Coming Off Hiatus: Some Notes, Thoughts, and New Directions

About a year ago, the Creative Writing Guild went on hiatus. Now, at long last, I have the opportunity to end that hiatus and reactivate the site. For casual visitors, that’s all you need to know: There will be fresh content posted to the site regularly starting at the beginning of 2017.

For those who have been paying attention for a long time, who are interested in the inner workings, or who are otherwise curious about what’s been going on and what is to come … the rest of this post is for you.

Once Upon a Time

The Creative Writing Guild began five years ago as nothing more than a series of articles on my personal blog. When these articles started gaining more traffic, I decided to move them to a dedicated site. My work with a creative writing student organization during my undergrad years also made me want to expand more in the direction of community-building and supporting local groups.

I had a great deal of help during some of those early days, primarily from members of the aforementioned student organization. Understandably, many of these people became more busy as time went on — and I did too. As a result, the amount of content for the site varied wildly from 2013 to 2015. In a number of ways, my ambitions for the site were simply bigger than my stomach.

What Now? What’s New?

While I am still receiving some support from friends and fellow writers for this site, it’s become clear to me that — despite the many potential benefits — forming and managing a group of volunteer contributors is simply beyond my capabilities. The best way to produce a stable flow of content for the site is to take on that task myself and focus exclusively on the aim of writing new content for you each week.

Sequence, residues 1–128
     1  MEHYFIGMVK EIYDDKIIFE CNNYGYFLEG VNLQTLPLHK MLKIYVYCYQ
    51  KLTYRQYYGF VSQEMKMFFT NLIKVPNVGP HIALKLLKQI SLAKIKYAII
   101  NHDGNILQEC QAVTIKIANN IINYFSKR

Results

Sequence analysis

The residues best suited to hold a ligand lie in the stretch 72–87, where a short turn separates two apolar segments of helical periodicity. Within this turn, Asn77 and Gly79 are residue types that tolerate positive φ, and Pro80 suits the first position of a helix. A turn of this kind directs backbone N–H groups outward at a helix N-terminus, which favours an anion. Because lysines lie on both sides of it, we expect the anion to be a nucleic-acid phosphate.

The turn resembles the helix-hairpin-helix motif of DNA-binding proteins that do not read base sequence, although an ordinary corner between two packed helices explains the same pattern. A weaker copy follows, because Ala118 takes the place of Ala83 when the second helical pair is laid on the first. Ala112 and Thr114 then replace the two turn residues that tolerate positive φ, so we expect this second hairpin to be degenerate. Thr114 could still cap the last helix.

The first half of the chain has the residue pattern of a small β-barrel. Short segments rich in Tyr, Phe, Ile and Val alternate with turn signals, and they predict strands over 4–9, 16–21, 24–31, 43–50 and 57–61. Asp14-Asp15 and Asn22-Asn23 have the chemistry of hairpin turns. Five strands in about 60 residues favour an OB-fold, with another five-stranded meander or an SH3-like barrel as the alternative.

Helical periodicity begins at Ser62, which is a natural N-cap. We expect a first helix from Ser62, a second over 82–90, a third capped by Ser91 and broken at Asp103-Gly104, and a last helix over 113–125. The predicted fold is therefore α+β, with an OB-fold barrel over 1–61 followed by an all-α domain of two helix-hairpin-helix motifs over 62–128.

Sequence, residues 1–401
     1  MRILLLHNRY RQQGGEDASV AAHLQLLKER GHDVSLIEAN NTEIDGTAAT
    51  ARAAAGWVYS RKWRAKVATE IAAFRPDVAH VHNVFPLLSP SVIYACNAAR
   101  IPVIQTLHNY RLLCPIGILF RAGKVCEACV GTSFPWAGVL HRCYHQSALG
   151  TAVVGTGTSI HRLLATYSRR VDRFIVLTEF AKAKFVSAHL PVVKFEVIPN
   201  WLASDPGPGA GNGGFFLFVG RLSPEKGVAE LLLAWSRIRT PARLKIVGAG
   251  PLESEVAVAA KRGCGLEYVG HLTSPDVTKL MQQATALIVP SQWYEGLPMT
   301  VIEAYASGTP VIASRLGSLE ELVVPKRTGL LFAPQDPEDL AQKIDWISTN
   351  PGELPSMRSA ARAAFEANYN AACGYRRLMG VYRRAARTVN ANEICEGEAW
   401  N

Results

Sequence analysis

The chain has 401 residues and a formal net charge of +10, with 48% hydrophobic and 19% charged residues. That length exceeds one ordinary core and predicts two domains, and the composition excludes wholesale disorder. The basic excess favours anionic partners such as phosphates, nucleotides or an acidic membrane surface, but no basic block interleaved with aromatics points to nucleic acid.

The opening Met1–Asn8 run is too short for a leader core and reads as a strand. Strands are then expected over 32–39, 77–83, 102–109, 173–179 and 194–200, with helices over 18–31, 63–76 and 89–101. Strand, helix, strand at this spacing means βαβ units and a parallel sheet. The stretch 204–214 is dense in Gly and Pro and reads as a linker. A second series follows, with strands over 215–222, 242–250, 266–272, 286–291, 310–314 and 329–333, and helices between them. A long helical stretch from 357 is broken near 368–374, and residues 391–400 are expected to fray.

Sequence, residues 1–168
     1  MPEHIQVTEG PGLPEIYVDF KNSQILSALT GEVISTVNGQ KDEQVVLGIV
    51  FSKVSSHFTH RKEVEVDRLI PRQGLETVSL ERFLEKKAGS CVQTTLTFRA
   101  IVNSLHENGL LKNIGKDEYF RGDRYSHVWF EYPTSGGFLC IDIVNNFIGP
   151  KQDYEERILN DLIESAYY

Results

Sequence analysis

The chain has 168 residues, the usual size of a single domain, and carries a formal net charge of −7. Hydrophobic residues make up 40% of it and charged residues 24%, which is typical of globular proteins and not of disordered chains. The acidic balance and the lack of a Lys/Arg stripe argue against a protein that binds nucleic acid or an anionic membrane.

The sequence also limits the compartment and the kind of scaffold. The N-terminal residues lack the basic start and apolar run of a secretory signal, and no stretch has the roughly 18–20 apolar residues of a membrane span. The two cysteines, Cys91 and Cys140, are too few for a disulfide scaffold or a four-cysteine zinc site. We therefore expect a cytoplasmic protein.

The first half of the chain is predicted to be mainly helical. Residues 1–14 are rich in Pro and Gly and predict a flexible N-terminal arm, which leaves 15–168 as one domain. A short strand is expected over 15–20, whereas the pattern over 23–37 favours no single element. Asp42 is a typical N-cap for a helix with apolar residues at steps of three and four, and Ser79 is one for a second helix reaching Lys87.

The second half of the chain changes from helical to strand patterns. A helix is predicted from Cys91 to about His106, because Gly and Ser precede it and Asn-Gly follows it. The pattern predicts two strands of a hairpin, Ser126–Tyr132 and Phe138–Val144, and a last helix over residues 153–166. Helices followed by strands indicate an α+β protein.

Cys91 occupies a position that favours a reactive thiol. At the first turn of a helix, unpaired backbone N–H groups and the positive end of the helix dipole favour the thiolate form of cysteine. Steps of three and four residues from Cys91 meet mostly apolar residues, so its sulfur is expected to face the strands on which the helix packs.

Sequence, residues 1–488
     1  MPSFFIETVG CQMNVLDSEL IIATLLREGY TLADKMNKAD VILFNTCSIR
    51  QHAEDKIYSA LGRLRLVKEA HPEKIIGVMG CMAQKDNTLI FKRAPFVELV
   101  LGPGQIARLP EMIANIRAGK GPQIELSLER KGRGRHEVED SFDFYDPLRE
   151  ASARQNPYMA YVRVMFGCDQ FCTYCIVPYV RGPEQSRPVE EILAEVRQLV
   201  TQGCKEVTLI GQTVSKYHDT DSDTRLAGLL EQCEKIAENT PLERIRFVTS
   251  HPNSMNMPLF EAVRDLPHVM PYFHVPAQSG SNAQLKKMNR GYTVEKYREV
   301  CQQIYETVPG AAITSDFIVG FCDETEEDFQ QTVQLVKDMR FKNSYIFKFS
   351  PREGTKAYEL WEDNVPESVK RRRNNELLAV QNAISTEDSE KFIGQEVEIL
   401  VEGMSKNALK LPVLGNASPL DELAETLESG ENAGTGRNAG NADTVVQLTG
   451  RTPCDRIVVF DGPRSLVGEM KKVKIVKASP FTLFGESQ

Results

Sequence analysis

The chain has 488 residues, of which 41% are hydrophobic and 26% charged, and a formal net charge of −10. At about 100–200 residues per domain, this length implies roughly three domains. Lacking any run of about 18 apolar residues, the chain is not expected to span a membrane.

To reach that goal, two things are changing. First, I’m simplifying things. I will no longer be trying to maintain five or six social media accounts, a weekly newsletter, a team of contributors, experiments in monetizing the site, weekly comics, and the beautiful but distant dream of starting local chapters of a nation-wide creative writing organization. Rather, the Creative Writing Guild will be about the content and insights I can provide right here, right now.

I want to focus on what I know I can do. I believe that consistently producing valuable content is what matters. Someday, I would love for the Guild to reach toward some of my other ambitions, but for today, I just want to provide quality, useful content for my fellow writers.

This leads me to the second major change: A tonal shift. There is a standard in web writing that says you should speak as an authority. Talk like you’re an expert, and people will believe you — at least if you don’t make claims that are too outlandish. But one of the major things I’ve learned in my experience as a writer is how much I’m not an expert. I’m not even sure I know what an expert in writing looks like. At the very least, I’m not a wildly successful author who has published highly successful novels. I’m not a best seller or a tenured professor. And I think it’s worthwhile to bring a more complete an honest version of myself to this site and my posts.